Financial promotion – topics

Jun 24th '19

The Financial Conduct Authority (FCA) has seen examples where a number of firms are not following advertising rules.


Misleading Financial Promotion for Over 50s Life Cover

The FCA financial promotions team have seen promotions for Life Policies for the over-50s where they believe consumers could be misled into thinking they are buying a policy that will cover their funeral costs. Proceeds of these policies can be used for payment of, or towards, the cost of a funeral. However, it is important that, if a firm’s promotion refers to funerals and associated costs, consumers are not misled into believing they are buying a funeral plan that will cover their funeral costs in full.


Over-50s Life policies are widely promoted through various media channels, including television advertisements. They guarantee to provide Life Cover for the over-50s without the need for customers to have a medical examination. If a firm’s promotion includes product features or benefits, these must be presented in a fair, clear, and non-misleading way taking into account the target audience.


In November 2012, the Association of British Insurers published ‘Initial Guidance on Over 50s plans’ which providers of these plans may wish to refer to when designing their promotions.


The regulator expects all promotions to be fair, clear and not misleading in line with Conduct of Business Sourcebook (COBS 4) and Principles for Businesses (PRIN 7).


Furniture companies failing to comply with CONC 3 rules

The FCA have seen examples where furniture companies are not complying with The Consumer Credit sourcebook (CONC 3), which sets out the FCA rules around firms’ financial promotions, particularly for websites.


Some websites offer ‘0% Interest Free Credit’ but fail to state the minimum spend required (and in some cases, the offer appears alongside products which are cheaper than the minimum spend).


Some sites offer payment options including cost of credit, triggering the requirement for a representative example, but this is not included. Some fail to contain a prominent credit broker statement.


Motor Finance Firms

The FCA Financial Promotions team has intelligence that some motor finance firms are not complying with our rules in CONC 3. This is particularly in relation to posts on social media platforms such as Facebook, Twitter and Instagram. The main issues they’ve seen include:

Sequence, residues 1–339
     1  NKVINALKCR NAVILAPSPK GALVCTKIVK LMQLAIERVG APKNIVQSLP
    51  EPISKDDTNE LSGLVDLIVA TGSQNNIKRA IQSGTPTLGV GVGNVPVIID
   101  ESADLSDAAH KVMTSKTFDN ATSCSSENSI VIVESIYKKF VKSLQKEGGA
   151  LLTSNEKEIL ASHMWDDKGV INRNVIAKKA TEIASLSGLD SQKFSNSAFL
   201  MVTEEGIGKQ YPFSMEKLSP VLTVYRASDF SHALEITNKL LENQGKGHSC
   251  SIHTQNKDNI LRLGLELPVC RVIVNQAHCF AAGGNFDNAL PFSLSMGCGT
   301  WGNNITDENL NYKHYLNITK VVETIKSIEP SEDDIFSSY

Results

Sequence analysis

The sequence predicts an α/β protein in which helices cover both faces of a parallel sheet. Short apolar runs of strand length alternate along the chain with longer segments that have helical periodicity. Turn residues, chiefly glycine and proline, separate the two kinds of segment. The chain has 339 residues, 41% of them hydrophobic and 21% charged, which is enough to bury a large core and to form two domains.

• not displaying a representative example when triggered
  • not making the representative APR prominent
  • not mentioning the legal name of the firm
  • not displaying or a lack of prominence of the credit broker statement
  • displaying monthly costs for a vehicle without indicating whether this is based on a credit or hire agreement


Firms’ use of their authorisation/ regulatory status in a promotional way 

The FCA has intelligence that some firms are using their FCA-authorised status in a promotional way. This which could lead to consumer harm and is against the rules. Firms must not use their authorisation status in that way and, if they are, should cease doing so.


They’ve recently conducted a review looking at how firms present their FCA authorisation status on their websites. The FCA remind all firms of their obligations


  1. when communicating with clients, including details about the extent of their FCA authorisation/regulation, and;
  2. in relation to the use of the FCA logo. For example:
  • Unclear, unfair and misleading statements by a firm may involve a breach of FCA’s Principles for Businesses, Principle 7.
  • General Provisions (GEN 1) (Referring to approval by the FCA), the purpose of which is to prevent clients being misled about the extent to which the FCA has approved a firm’s affairs, and
  • GEN 4 (Statements about authorisation and regulation by the appropriate regulator), in particular, GEN 4 Annex 1R sets out the required disclosure statements for FCA authorised persons, with relevant notes. Note 5 (GEN 4 Annex 1R) relates to the presentation of those statements, which includes, for example, the use of images, symbols (such as shields, ticks, padlocks) and wording in addition to the relevant required disclosure statement. Firms are reminded to present and communicate information in a way which is clear, fair and not misleading.


The FCA has previously issued a statement on their website confirming that firms are not allowed to use the FCA logo without permission.


Firms must not indicate or imply that they are regulated or otherwise supervised by the FCA in respect of business for which they are not regulated by the FCA (GEN 4).


Where adverts refer to the FCA and use images or symbols, firms must ensure that these adverts comply with their requirements. Where they identify firms who are in breach of the rules, action will be taken.


Read: Marketing Compliance 101


Need some promotional advice? If you want to understand more about how to make sure your marketing materials meet FCA standards, please click here.


Download: Financial promotion guide 


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